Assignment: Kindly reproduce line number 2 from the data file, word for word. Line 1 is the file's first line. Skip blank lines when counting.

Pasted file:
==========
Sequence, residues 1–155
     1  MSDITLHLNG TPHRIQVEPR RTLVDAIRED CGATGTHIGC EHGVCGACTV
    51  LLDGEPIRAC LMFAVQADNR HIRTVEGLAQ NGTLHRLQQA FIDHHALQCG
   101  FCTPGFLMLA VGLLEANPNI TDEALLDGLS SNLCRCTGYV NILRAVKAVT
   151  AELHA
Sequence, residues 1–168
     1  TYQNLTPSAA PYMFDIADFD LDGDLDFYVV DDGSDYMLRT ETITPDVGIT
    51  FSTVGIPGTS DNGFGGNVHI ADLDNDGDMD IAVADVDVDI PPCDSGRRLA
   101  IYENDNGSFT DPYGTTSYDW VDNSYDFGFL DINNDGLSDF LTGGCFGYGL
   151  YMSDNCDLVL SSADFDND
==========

     1  MSDITLHLNG TPHRIQVEPR RTLVDAIRED CGATGTHIGC EHGVCGACTV